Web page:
The Conservatives did not put up a spokesman for the briefing. But Colin Bloom, the former faith engagement adviser, now no longer involved with the Conservative Party, said he would like to see those round tables re-emerge.

When he left his role last year, he produced a report with 22 recommendations including the appointment of a faith commissioner, or faith “czar”, who would be “bilingual”, conversant in politics and theology. Their role would be to ensure consultation took place. There are commissioners for children and justice, so to omit religion was “a massive oversight” he said. Labour’s plan includes a faith minister who would lead on engagement with faith communities.

Sir Stephen said he believed the party would definitely want more dialogue with faith groups and criticised this government’s withdrawal of support to the Interfaith Network, a decision he described as “extraordinarily foolish”.

While there was no commitment to reconstitute that organisation, he said interfaith dialogue was needed more than ever at this time, given what was happening in the world. Labour’s approach to faith groups had been profoundly altered since Covid and the cost-of-living crisis, when faith groups provided essential support to vulnerable people, through their extensive and deep contacts in society.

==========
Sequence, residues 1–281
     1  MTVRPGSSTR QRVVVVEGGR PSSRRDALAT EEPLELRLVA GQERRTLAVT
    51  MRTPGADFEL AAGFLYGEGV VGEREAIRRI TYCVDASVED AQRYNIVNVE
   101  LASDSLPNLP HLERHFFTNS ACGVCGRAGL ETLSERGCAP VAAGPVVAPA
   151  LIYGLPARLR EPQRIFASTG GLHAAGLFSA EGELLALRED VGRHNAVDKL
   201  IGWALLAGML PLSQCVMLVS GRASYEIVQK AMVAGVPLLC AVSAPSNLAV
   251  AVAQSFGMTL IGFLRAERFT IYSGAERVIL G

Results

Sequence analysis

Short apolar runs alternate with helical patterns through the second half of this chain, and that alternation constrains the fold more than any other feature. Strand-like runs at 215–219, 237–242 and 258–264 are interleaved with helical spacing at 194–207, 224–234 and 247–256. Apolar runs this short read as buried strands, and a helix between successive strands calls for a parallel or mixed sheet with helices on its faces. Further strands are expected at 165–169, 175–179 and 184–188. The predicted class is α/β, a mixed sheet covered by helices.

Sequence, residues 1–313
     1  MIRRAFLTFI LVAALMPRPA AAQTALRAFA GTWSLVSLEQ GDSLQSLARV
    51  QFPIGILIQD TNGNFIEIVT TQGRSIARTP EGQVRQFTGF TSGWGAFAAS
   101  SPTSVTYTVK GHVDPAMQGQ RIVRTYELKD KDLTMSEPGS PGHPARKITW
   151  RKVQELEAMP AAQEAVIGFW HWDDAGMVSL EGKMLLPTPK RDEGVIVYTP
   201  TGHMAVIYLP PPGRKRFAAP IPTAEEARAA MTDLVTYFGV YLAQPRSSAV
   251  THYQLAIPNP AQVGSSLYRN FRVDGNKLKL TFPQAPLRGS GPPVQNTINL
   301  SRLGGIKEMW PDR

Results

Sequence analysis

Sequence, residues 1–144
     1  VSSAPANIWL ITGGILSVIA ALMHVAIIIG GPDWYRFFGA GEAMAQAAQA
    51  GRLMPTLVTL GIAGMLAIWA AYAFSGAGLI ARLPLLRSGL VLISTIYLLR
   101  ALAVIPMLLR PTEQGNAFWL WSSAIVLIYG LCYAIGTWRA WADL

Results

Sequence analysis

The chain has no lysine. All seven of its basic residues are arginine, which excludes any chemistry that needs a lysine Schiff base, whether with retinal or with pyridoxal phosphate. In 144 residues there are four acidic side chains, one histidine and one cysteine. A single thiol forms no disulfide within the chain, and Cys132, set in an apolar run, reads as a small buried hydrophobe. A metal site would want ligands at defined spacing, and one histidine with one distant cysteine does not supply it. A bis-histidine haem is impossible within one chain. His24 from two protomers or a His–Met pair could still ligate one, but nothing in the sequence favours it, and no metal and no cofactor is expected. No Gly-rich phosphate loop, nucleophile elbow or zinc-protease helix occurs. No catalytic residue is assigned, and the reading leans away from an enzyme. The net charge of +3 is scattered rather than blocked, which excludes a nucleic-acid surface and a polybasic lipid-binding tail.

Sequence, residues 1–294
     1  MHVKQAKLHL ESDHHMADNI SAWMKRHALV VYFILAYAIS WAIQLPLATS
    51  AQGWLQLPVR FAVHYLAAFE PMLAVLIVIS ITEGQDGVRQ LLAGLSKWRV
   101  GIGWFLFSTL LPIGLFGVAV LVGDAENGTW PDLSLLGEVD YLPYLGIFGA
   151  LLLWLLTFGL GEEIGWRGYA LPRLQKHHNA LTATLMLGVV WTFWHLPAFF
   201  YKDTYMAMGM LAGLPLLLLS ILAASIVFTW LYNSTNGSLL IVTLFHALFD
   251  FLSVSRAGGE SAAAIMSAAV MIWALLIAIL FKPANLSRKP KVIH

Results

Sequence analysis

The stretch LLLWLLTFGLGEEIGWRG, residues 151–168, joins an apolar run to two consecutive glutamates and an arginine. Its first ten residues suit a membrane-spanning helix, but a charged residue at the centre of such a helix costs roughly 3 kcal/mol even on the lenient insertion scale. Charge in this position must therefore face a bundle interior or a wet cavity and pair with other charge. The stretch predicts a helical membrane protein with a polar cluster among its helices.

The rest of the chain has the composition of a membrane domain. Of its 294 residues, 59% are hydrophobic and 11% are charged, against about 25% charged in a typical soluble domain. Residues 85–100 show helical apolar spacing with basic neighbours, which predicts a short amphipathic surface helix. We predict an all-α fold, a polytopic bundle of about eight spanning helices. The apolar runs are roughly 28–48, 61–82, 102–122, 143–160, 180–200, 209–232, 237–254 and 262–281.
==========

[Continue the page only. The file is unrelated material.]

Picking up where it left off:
The experience had led to a letter from leader Sir Keir Starmer to faith leaders throughout the UK, sent on 10 June, promising the creation of strong partnerships with faith communities, the appointment of a faith minister, the promotion of faith covenants — agreements between local government and faith groups to deliver services, and engagement of faith groups in the delivery of five key manifesto “missions”.

Lord Wallace of Tankerness, a Liberal Democrat peer, said he agreed that good relationships needed to be built with faith communities, not least at local level. And at a national level, his colleagues would want to engage with faith communities.